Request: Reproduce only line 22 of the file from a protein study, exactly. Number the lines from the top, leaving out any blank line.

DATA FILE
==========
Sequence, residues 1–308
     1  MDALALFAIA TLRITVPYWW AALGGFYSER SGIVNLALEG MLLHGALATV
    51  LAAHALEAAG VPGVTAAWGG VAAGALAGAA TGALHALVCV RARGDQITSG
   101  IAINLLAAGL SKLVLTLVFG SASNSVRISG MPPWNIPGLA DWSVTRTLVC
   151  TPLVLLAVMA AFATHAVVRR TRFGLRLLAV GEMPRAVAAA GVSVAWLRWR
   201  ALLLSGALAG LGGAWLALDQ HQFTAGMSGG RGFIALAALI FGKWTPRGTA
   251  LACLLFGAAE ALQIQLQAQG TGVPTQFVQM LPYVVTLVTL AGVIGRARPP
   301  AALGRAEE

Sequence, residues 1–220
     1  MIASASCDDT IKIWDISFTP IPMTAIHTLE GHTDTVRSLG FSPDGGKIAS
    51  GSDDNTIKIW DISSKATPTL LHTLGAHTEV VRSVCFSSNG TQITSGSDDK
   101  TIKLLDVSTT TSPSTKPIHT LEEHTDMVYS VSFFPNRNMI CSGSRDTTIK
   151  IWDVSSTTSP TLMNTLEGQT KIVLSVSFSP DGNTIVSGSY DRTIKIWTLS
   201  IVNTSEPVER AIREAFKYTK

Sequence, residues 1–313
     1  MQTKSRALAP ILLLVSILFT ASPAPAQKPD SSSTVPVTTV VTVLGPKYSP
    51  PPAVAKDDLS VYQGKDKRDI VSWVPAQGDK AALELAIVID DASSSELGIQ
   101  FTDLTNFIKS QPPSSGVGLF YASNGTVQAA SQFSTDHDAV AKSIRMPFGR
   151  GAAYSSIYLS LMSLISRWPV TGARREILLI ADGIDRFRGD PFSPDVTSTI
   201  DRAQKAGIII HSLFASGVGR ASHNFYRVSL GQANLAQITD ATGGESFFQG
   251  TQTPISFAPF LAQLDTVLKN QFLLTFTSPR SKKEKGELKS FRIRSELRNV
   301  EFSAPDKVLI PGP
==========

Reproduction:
   301  EFSAPDKVLI PGP